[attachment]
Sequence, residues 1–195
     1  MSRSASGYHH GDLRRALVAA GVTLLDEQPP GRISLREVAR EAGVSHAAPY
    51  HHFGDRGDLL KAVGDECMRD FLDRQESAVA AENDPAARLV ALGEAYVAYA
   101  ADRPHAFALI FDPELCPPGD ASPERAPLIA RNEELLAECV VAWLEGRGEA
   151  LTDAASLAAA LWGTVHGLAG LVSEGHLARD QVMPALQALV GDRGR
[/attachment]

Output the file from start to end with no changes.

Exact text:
Sequence, residues 1–195
     1  MSRSASGYHH GDLRRALVAA GVTLLDEQPP GRISLREVAR EAGVSHAAPY
    51  HHFGDRGDLL KAVGDECMRD FLDRQESAVA AENDPAARLV ALGEAYVAYA
   101  ADRPHAFALI FDPELCPPGD ASPERAPLIA RNEELLAECV VAWLEGRGEA
   151  LTDAASLAAA LWGTVHGLAG LVSEGHLARD QVMPALQALV GDRGR